God’s Own Messenger

A lower caste government clerk during the day. A revered god by the night.

Jayaram Vengayil currently lives in Kannur, Kerala. At the age of 56, he is rekindling his passion for storytelling.

Chungan had never liked his name. So when he was selected as a Lower Division clerk in the revenue department, the first thing he did was to change it to something more dignified. He had always admired A.K. Gopalan, the firebrand Communist leader and so, through entry in the official gazette, he had transformed himself into C. Gopalan. Chungan was now history. He was glad about that. The name reeked of his past, his roots which he always wanted to hide. It announced to the world that he belonged to one of the backward tribes. In fact, the tribe to which he belonged was known for only one thing – they practiced the ritual Theyyam dance, a public performance of which was a must in every well-to-do Hindu joint family in North Malabar.

Chungan secretly liked being known as a skilled Theyyam dancer, which he no doubt was. So he continued performing even though he now had a full-time job. He enjoyed basking in the few hours of glory during the numerous performances that he was called upon to make with other members of his extended family during the Theyyam season that stretched from November to April. This was the time that the old Chungan briefly came alive again– but this was the Chungan who was possessed by a divine power, not the weak, exploited tribal urchin. The Chungan who was the all-powerful oracle and soothsayer. To whose every prophecy and blessing, men and women of substance hung on to like their lives depended on it. And then next morning, after the night-long performance was over, he was once again the respectable office-goer, C. Gopalan, his Honda bike whirring through the traffic of Thalassery like a drunken mosquito.

   He was looking forward to tonight’s performance.

As he rested in the wings waiting for his turn to come, he dreamt in gleeful anticipation of the generous tips that the sponsoring family members were going to lavish on him. They were all big engineers and doctors. In London and New York and other places of which he had only heard of in newspapers. But like most Malayalis true to their breed, wherever they were in the world, they would descend every year, on their hometown Thalassery when it was Theyyam time. Chungan’s item, if you could call it that, was the highlight of the night’s performance. He would dress up in a dazzling costume with majestic head gear as the goddess, Thiruvarkattu Bhagawathi, the sponsoring family’s deity, going into a divine trance as the Devi subsumed every fibre of his being.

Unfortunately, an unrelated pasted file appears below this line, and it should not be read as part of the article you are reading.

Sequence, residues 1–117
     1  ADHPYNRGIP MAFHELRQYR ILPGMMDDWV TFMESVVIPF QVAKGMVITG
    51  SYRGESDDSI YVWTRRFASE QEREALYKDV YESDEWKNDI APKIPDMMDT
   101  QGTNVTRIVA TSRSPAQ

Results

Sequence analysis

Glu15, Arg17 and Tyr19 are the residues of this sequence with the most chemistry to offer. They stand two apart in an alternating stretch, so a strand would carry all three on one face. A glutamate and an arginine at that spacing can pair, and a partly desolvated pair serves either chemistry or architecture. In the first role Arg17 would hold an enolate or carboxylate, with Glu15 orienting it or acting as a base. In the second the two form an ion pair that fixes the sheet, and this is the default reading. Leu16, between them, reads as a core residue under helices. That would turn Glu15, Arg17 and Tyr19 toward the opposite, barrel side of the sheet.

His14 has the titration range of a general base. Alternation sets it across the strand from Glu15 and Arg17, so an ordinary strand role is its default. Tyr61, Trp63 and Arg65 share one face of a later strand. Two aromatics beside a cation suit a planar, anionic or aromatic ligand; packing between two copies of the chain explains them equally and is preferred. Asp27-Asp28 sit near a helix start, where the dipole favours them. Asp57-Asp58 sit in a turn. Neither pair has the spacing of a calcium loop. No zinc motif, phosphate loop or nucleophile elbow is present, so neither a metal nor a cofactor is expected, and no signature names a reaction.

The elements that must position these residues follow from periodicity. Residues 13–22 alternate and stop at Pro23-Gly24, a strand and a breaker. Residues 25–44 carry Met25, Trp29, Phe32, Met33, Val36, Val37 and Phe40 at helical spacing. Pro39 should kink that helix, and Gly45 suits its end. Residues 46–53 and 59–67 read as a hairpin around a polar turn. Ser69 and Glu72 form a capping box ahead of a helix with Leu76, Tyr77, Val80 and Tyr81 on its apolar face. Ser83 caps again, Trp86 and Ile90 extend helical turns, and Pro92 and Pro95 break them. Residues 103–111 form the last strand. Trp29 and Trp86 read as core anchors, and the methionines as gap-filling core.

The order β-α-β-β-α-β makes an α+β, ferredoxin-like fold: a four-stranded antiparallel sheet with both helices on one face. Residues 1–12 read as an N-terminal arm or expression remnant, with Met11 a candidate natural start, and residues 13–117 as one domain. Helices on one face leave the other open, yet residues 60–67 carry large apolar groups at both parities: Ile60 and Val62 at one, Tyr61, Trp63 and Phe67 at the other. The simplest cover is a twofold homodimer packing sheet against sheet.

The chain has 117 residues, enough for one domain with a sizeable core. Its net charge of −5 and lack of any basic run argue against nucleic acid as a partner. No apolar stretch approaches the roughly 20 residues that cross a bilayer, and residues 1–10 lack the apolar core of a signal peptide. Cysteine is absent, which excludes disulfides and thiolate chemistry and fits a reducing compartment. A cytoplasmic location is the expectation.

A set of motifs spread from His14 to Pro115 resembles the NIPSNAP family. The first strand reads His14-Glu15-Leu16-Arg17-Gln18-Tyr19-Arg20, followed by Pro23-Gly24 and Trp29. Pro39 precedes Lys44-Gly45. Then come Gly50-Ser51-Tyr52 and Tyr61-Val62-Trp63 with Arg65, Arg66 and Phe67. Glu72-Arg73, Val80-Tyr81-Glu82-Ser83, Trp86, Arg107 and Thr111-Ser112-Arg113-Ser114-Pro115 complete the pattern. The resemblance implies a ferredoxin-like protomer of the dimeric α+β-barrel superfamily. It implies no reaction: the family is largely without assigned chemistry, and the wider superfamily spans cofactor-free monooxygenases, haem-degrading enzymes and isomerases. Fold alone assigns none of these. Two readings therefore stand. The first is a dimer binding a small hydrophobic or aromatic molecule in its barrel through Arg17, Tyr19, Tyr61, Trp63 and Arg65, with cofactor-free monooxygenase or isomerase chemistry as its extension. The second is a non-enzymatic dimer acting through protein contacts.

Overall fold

After the minor theyyams had finished their performances, his was the tour de force that started well past midnight and ended around day break. Once it was over, he would allow individual family members to come and seek his (or rather the Devi’s) blessings on matters ranging from the mundane like a tiff with one’s spouse to the serious like a struggle with a terminal illness. He had mastered the art of dance and of handing out godly advice and mouthing divine prophecies in equal measure from his illustrious father Kunchambu who had donned the colours of Thiruvarkattu Bhagawathi before him. 

Tonight as always, Chungan didn’t fail to impress. The audience from nonagenarian grand-aunt nodding wisely to sleepy youngsters staring open-mouthed let forth periodic gasps of wonderment and awe as he swirled around with godly abandon, his sweaty face painted in rich hues, glowing in the fiery light of a hundred torches. At last he sat down on his pedestal slowly letting the divine power seep through him, and acquire control of his mind and his faculties. Now he was ready to start the prophecies and blessings. Only when the devotees’ hands stretched out towards him with crumpled currency notes within them, did the mortal Chungan awaken momentarily to take stock of the situation. Otherwise, he was the goddess personified, talking to her flock, guiding them through the travails of life. He eyed the queue in front of him, from nubile match-seekers anxious to know if they would find the right partners to tired old mothers whose sons had deserted them. They stretched out in front of him, one hand holding offerings of mundus or lighted lamps while in the other fist they clutched their dakshinas which could range from a few rupees in the case of the poorer cousins to a few thousands if the seeker was looking for a major favour.